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June 2008

June 29
    On June 27 it rained heavily in the eastern part of Kochi prefecture, particularly around Aki city. We were worried about possible damage to the observatory building because the area of the heaviest rain happened to be where the observatory was located. Mr. Shimomoto checked the observatory during the daytime of June 28 and found that rainwater had found its way through a small opening between the slit and dome to wet the telescope and some part of the floor covering . He cleaned the dome carefully and left for home as the weather was not very good that night, while I headed for the observatory believing it would clear up late at night. It was a complete surprise when I ran into Mr. Shimomoto at a service station on my way to the observatory.
    Occasionally, my weather forecast turns out to be right. At the observatory the sky began clearing up rapidly around 22.00 revealing the magnificent Milky Way (as seen in the photograph) running from north to south. Particularly, the sky around Sagittarius where Jupiter was positioned was awesome. Mesmerized, I just stared at the sky for some time thinking that in the sky like this there could be a nova shining somewhere.
    Before the dawn C/2007 (Boattini) is expected to become visible at 6th magnitude low in the eastern sky, but its altitude is 0 at the start of twilight and it is well behind the forest in the east. Once it has cleared the forest, the comet could be a magnificent sight as its distance from the earth is small.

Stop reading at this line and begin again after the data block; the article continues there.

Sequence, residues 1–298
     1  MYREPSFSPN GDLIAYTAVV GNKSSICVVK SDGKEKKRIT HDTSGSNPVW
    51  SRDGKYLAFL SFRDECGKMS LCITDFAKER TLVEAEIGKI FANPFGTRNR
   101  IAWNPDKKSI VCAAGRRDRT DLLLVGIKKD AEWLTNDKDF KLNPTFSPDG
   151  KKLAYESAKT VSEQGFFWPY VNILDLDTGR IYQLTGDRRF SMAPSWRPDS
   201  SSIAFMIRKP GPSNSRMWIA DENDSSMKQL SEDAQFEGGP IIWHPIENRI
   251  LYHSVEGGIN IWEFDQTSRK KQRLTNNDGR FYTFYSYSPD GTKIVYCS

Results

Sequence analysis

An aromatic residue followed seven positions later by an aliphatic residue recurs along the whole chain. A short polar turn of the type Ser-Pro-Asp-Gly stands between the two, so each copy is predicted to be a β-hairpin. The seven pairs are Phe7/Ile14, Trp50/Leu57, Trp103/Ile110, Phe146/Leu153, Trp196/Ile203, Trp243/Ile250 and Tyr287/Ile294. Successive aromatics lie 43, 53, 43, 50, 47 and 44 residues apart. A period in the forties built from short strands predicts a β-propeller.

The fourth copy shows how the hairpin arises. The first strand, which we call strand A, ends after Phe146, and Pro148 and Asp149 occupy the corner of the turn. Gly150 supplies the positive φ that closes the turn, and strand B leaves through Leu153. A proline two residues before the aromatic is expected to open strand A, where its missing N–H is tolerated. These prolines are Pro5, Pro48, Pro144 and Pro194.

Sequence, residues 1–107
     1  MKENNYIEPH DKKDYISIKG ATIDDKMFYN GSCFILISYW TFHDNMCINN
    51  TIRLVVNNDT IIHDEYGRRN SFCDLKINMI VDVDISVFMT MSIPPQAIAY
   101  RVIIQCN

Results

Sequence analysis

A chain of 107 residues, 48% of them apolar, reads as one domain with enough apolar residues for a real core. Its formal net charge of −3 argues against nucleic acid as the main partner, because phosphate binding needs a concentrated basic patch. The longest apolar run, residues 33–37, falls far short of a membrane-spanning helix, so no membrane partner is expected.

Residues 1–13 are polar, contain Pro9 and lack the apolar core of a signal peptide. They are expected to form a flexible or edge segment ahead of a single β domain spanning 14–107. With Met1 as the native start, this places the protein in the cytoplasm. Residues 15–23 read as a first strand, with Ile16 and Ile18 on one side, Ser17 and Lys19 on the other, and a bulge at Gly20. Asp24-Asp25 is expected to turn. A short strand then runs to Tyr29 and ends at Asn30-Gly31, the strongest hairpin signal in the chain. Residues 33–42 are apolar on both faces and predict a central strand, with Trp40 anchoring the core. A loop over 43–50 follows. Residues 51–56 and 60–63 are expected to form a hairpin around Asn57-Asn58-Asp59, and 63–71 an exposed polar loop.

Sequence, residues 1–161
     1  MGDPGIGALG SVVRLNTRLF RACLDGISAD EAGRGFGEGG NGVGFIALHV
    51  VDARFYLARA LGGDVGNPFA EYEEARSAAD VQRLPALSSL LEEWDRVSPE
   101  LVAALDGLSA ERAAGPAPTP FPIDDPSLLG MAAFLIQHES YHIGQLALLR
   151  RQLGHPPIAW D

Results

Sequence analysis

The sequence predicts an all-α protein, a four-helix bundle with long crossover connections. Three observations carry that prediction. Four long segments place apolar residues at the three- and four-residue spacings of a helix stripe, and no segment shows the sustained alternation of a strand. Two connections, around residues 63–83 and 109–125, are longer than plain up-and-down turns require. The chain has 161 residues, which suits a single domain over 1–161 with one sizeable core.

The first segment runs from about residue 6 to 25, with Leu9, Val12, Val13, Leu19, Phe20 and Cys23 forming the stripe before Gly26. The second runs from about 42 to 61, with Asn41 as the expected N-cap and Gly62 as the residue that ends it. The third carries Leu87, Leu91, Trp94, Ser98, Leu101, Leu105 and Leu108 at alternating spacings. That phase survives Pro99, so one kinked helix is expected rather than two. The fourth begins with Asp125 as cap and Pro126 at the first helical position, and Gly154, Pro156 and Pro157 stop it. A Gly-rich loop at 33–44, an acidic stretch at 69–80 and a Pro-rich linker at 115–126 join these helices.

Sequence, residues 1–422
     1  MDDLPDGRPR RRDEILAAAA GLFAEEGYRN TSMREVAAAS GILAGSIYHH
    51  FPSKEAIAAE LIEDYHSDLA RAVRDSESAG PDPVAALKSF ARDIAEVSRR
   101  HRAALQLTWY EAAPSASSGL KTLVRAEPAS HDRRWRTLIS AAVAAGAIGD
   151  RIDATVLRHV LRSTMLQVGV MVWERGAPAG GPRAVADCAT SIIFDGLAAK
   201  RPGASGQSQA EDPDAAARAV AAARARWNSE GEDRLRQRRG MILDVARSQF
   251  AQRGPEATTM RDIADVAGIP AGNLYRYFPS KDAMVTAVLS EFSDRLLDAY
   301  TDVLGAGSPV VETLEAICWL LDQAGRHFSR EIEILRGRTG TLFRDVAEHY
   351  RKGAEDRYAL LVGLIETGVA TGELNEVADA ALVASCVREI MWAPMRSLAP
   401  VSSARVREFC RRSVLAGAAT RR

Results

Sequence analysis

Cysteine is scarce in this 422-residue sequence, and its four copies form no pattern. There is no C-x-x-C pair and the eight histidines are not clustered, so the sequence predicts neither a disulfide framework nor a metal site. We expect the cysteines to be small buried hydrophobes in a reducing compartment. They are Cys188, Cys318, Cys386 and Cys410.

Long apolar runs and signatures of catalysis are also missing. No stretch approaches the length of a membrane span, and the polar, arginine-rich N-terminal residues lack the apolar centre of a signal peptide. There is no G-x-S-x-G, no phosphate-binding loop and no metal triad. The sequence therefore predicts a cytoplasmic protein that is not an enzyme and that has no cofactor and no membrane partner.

20-minute exposure from 23:30 on June 29, 2008
Nikkor 28mm F4, TMY 400 film

June 13
    On June 12, the president of Nishimura Optical Company of Kyoto, manufacturer of Geisei's 70cm reflector, met at Kochi University of Technology with people involved in this telescope project to discuss the future improvements. I believe that there is no perfect telescope at the moment of installation and that problems can be corrected one by one for perfection only by joint efforts between the manufacturer and observers. At this meeting the problems raised were one of the f-ratio dependent on the position of the reducer lens and vignetting caused by the diagonal mirror. They discussed how these problems could be resolved.
    @At night we had a clear sky briefly, perhaps a break in the rainy season, and tested the CCD until late at night with Mr. Shimomoto, a staff member of Geisei. There were clouds hanging around at first, but after Mr. Shimomoto left for home, the clouds began clearing from the west and by dawn it turned to a magnificent starry sky.

The 70cm reflector during observation

    The Milky Way was awesome and appeared three-dimensional. From the dome I photographed known visible comets for astrometry. For 30 minutes to the dawn I searched the eastern sky with 15cm binoculars.
    The beauty of the stars projected through the fast lens is beyond words. Only when you are searching through a comet seeker, you can really appreciate the true beauty of the heavens. The Double Cluster in Perseus appeared to be star dust pouring out of a jewel box. M33 in Triangulum was diffused and extensive, looking like a swirling smoke, reminiscent of Comet Holmes observed earlier. I estimated the total magnitude of the comet to be five.
    A photograph of the constellations like the one below is made using monochrome film (which I favor most) during an observing session.

The Milky Way seen outside the dome
Nikon F80 35mm f/2, 60-second exposure, TX 400 film
Copyright (C) 2008 Tsutomu Seki.